It’s another way to help you save on the grocery store – so why not have unit pricing mandatory?

cost of living6:14If you want to save money on food, read the detailed line!

One of the best ways to compare prices at the grocery store is to look at the unit price. It’s that tiny little price in the corner of the label that tells you how much something costs per gram or liter. However, unlike in some other countries, stores are not required to display a unit price in every part of Canada. Jennifer Kane explains why.

Jennifer Cypher comes from a long line of mini clamps and uses to bring a calculator when she’s grocery shopping with her college mates.

These days she’s still a keen shopper — but she uses a lesser known tool to expand her dollar and track her spending: unit pricing.

“I like to compare stores, and I like to get value for my money,” she said from Toronto. “I noticed there was unit pricing, and started using it as a way to make choices at the grocery store.”

Many Canadian stores share a price per 100g or 100ml less than the retail price of the product, for example, but unit pricing is mandatory only in Quebec. In the United States, at least 21 states offer unit pricing, 11 of which are mandated by law.

In the simplest terms, unit pricing is the price per standard unit of measure; It allows for easier price comparisons between similar products in different sized containers. This way, you can tell if the best buy is the 2.5 liter bottle of detergent or the 1.5 liter bottle.

“It’s a wonderful and powerful tool to help consumers – and also to promote competition and get better economic outcomes in general – because it provides consumers with information that enables them to make better informed decisions,” said retired economist Ian Jarratt. The cost of living.

There are no national standards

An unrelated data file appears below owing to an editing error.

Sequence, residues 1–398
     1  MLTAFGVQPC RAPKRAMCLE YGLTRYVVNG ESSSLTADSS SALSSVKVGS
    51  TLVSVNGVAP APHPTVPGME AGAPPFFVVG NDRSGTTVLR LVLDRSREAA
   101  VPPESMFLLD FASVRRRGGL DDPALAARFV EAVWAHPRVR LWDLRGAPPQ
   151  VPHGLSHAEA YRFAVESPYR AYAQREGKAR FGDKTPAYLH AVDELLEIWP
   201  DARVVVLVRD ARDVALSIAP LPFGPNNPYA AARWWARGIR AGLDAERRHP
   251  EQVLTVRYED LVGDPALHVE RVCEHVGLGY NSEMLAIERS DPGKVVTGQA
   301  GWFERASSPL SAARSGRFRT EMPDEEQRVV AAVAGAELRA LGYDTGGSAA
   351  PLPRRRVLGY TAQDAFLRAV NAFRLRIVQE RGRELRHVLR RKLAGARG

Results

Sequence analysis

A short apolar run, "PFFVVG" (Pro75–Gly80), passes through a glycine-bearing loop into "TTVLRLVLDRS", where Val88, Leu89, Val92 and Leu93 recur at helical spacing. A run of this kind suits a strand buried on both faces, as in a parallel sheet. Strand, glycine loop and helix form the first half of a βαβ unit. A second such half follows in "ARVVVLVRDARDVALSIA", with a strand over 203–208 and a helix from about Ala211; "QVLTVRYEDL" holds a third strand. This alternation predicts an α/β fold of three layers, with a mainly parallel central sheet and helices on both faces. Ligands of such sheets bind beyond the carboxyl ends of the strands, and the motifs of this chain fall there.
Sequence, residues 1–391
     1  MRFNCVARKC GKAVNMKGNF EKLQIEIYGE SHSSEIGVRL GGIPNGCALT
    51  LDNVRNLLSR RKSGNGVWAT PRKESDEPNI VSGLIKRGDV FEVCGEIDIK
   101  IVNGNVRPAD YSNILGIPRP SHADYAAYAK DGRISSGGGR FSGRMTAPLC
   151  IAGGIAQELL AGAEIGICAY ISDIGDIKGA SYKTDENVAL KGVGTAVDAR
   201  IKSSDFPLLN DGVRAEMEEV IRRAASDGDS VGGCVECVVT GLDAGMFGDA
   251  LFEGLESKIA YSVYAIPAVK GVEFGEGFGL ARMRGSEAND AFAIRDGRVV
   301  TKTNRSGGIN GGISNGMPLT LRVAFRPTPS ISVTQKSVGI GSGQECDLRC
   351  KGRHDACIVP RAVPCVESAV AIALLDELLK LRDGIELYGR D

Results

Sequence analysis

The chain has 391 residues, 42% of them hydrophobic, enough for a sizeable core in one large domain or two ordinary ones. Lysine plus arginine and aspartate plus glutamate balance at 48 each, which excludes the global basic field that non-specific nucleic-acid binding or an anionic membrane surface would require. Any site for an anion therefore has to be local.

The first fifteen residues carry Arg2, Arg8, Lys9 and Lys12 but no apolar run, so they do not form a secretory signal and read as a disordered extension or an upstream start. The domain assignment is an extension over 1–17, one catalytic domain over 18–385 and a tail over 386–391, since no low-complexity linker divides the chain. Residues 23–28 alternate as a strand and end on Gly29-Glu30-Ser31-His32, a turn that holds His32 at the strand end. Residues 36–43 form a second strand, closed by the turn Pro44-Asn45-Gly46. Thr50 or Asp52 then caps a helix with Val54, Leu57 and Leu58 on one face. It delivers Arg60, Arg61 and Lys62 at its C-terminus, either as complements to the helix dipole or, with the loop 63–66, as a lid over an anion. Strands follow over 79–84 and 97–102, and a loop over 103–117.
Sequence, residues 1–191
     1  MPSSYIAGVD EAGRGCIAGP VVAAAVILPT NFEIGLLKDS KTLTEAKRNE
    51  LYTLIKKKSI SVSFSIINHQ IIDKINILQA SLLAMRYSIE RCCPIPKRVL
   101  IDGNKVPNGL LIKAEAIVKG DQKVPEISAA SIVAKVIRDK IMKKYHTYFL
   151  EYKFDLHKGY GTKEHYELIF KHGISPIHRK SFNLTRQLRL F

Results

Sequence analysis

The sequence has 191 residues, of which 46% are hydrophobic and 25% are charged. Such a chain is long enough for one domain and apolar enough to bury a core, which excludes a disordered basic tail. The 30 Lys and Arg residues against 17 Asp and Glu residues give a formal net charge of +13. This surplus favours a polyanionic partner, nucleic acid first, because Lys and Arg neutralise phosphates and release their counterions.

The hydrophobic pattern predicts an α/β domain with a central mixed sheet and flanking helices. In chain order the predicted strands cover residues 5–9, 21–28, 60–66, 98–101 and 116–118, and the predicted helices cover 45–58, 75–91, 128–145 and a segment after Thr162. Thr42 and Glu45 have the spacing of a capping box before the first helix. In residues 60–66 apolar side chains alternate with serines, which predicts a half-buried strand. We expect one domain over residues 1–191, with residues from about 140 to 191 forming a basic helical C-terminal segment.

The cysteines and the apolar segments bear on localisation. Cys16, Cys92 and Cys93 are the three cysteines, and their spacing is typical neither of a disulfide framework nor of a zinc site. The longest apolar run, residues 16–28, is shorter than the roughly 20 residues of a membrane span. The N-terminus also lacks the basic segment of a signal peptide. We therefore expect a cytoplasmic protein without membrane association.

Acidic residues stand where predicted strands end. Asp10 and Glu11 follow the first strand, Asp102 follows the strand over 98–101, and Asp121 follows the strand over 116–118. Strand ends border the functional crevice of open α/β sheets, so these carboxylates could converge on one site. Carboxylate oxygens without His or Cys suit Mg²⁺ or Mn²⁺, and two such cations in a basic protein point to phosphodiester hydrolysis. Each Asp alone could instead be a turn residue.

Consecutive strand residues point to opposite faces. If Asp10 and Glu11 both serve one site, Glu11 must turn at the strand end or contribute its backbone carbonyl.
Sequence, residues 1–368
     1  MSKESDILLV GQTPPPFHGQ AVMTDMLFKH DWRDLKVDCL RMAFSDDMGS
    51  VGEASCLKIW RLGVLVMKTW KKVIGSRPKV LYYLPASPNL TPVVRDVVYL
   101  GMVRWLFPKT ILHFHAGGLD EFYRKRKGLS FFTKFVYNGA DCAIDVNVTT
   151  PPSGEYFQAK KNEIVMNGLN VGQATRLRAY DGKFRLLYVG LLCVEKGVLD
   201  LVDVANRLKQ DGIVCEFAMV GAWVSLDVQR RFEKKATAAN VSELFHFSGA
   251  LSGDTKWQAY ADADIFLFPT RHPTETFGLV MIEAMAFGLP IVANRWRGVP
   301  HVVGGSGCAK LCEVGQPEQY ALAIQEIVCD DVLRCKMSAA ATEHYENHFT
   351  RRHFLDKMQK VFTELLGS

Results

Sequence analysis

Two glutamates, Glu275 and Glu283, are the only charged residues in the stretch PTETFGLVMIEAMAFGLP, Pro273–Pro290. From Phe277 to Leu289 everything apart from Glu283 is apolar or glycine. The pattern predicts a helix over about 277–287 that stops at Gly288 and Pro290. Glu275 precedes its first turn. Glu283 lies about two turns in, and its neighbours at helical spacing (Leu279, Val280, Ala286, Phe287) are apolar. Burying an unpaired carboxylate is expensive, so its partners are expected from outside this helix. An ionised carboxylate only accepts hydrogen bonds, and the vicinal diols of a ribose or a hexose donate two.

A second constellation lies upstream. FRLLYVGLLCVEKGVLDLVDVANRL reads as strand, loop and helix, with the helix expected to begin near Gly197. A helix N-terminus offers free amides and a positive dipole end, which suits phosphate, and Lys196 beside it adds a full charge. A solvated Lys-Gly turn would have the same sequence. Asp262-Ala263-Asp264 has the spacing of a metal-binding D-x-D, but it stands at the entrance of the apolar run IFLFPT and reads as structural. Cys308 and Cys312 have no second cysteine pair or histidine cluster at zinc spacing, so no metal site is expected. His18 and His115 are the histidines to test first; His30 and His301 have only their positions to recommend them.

Jarratt, who works with the Consumers Association of Queensland, has been advocating unit pricing in his native Australia for two decades.

“There are very large differences in unit price between products and between brands – between package sizes, between packaged and non-packaged, between specials and regular prices, and between products with a high level of convenience associated with them,” he said.

Jay Jackson, director of policy and strategy at the Consumer Council of Canada, said that because there are currently no real standards on how unit pricing is presented in Canada, it is not always presented in a very consumer-friendly way here.

Gray-haired person in blue shirt and dark jacket.
Jay Jackson of the Consumer Council of Canada says unit pricing is the best way for all consumers to compare shopping and saving money. (presented by Jay Jackson)

Read the small text

the Council Conducted a study in 2019* 91 percent of respondents found that everyone should have access to a unit price label – and 96 percent found the unit price very useful.

However, it is often written in small print on the price tag stuck to the store shelf.

“Some of our focus groups were saying, ‘First of all, you need to bend down very low to see it,'” Jackson said. You need a magnifying glass.” “It gives the impression that the retailer doesn’t really want you to see it and makes you wonder why you wear it at all.”

If a retailer has a unit price for some products but not for all, that’s a red flag for Cypher when you’re shopping.

“Sometimes I suspect they’re doing this on purpose as a way to try to convince you not to know the prices.”

Close-up of a woman with chin-length hair and glasses.
Jennifer Cypher says she uses unit price to make sure she gets the best value for her money when grocery shopping. (Provided by Jennifer Cypher)

Stores that include it viewed favorably

Jarratt doesn’t understand why not all retailers want to include it – and let their customers know.